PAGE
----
MONTEK'S BROTHER SLAMS P.M. FOR 'TIMIDITY', SAYS QUIT NOW
Rajeev Deshpande, TNN | Sep 29, 2013, 01.49 AM IST
NEW DELHI: A blog asking Prime Minister Manmohan Singh to quit is no surprise. After all, the cyberspace is hardly a friendly arena for the PM or the Congress, dominated as it is by right wing opinion.
But this blog, burning up Delhi's bureaucratic grapevine, is different. Its author was till recently a serving Indian Administrative Service (IAS) officer and is, more significantly, brother of Planning Commission deputy chairperson Montek Ahluwalia - a key long-term aide of the PM; in fact, Singh's original choice for finance minister in 2009.
In a post this week, Sanjeev Ahluwalia, describing himself as an independent consultant, slams the PM for "betraying himself time and again, as he (PM) turned a Nelson's eye to massive corruption, allowed decision-making to be subverted by unconscionably partisan politics and sloth".
The younger Ahluwalia's blog (http://bit.ly/163twJi) piece, titled "The Man who betrayed himself," and offers forthright advice to the PM that he should quit office for having clearly overstayed his welcome.
"Here is some gratuitous advice to Dr Singh. It is not too late to resign...when you became PM you became "our" PM, not the Congress party's representative," Ahluwalia writes.
"You are, hopefully, not just any other policrat. Please preserve our faith in the belief that professionals and intellectuals are actually "high minded" enough to work against their own self-interest," says the blog being devoured in ministries across Delhi.
"There are thousands of babus who do this for 35 long years of their working lives and are none the worse for it. Please shed your intellectual robes and become the babu you have been," the blog advices the PM.
Ahluwalia was a 1980-batch IAS officer from the Uttar Pradesh cadre who retired about a year ago. He has worked with the World Bank in Sudan till recently.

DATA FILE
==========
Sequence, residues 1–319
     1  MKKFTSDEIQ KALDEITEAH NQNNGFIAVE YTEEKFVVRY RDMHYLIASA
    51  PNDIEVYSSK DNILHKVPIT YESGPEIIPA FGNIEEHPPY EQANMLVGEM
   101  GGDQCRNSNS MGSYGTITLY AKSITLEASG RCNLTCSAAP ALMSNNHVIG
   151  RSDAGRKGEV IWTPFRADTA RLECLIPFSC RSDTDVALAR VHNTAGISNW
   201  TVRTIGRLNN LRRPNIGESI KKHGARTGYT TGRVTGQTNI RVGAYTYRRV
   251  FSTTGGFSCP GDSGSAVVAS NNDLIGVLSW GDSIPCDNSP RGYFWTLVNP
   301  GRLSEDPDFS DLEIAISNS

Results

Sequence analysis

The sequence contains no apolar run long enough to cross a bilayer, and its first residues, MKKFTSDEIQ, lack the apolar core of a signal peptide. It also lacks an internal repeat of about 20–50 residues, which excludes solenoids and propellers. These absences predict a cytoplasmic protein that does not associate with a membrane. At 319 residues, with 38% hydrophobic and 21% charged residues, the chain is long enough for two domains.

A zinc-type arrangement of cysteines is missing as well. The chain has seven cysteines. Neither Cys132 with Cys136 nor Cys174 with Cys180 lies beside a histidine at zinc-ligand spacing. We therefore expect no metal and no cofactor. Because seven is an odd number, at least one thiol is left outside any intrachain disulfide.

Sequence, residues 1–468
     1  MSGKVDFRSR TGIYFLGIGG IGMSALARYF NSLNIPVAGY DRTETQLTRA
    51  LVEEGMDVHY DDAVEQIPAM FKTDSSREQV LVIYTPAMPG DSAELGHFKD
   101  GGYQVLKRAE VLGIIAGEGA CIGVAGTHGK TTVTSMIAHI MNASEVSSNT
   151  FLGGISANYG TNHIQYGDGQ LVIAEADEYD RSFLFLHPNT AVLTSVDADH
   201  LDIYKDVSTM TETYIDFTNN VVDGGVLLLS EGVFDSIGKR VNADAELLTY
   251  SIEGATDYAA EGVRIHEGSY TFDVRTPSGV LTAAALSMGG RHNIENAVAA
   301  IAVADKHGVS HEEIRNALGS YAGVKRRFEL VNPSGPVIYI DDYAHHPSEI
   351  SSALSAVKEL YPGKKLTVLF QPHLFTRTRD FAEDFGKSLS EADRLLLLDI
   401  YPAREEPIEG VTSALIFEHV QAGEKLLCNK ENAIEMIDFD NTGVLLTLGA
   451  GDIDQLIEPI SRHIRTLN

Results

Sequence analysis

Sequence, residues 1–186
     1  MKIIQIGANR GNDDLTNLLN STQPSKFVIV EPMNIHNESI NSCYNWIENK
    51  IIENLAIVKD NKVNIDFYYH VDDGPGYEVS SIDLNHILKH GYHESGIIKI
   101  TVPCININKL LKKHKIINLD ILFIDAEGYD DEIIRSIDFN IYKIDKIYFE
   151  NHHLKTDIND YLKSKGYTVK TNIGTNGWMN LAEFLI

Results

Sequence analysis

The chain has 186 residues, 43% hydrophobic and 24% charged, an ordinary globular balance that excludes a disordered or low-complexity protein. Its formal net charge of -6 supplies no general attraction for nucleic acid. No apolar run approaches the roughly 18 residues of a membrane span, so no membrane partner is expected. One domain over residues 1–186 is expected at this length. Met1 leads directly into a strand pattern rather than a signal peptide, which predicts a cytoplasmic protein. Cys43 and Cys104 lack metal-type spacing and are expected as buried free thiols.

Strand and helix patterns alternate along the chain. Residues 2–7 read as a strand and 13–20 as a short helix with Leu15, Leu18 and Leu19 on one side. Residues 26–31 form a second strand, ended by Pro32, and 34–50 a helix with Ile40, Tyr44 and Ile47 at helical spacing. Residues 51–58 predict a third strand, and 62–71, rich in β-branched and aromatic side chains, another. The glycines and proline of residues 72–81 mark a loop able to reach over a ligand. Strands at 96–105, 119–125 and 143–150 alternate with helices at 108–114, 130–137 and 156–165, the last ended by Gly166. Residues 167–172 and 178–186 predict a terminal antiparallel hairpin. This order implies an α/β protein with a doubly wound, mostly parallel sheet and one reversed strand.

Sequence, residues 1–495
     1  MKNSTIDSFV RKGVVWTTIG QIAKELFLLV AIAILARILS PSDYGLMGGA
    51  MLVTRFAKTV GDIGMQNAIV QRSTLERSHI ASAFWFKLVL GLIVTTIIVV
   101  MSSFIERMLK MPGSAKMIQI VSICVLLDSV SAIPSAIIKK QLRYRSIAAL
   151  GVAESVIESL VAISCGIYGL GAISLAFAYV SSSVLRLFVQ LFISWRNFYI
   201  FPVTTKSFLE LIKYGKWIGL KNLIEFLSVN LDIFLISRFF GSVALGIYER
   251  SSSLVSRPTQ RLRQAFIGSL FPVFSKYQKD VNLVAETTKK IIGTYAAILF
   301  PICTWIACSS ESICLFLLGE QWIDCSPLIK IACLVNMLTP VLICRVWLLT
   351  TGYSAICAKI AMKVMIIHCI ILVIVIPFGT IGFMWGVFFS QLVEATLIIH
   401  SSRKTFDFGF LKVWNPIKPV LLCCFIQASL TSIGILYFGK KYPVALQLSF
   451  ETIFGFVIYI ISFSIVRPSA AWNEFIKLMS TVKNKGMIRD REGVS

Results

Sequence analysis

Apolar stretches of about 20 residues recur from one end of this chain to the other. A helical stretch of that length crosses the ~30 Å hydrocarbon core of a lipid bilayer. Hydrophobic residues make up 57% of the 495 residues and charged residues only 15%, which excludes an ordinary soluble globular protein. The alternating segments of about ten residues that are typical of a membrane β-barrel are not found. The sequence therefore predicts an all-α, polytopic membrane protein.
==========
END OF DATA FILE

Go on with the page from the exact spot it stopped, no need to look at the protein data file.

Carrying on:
Sanjeev Ahluwalia's blog says the time could be ripe for Rahul Gandhi to step out of the shadows, but more strikingly refers to the PM as returning to his "babu" roots by defining a "narrowly construed "personal" integrity aimed at keeping "his desk clean".
But this manoeuvre, he says, might be dated. "Even this is questioned in the 2G scam and Coalgate, though most would put down the seeming links to him, to a secretariat, outside of his control...He betrayed his earlier characterization of himself as a Sher (Singh) and appeared to meekly toe the backward looking, ineffective and contradictory party line."
"Who holds the nuclear "button" today is really the question? and does the world believe that Dr. Singh would be allowed to press it should the situation warrant?", the blog says.
The PM had debased the high office he holds. Ahluwalia says that in 2004, "when Dr Manmohan Singh was selected by Mrs Gandhi to became PM, there was relief that after a hiatus of two decades, India would again be led by an "intellectual" far above the hurly burly of election politics, with no personal stake and no motive, except to "wipe the tears from the eyes of the poorest Indian" (the Mahatma)."
The blog notes that the PM showed his mettle in "initiating change in our energy policy" and "abandoning the deadweight of polarizing ideology" to "seemingly put India on the track of fast growth with social inclusion. In 1984 (2004) he was an accidental choice as PM, out of the several other "old" faces around, who were considered politically innocuous enough, to keep the seat warm for Rahul."
The PM's image, says Ahluwalia, took a beating soon after 2009 when "we voted for Dr Singh, based on his record of the past five years but also based on our belief, that more and better was to come."
But instead, "Like the collapse of the mountains above Kedarnath, the lofty edifice built up by reputation and public expectations cracked and collapsed under the weight of timidity, poor political instincts but most importantly self-betrayal."
"Could he have acted differently? Was he constrained by the limitations imposed on "outsiders" joining the "policracy" laterally...When the going gets tough, the tough get going....one way or another," says the blog.
Asking the PM to reclaim his upright image, Ahluwalia writes, "This is a time honored tradition amongst babus. We sup with anyone who parties in the evening, but come the morning, we do the "right" thing, no matter what the consequences.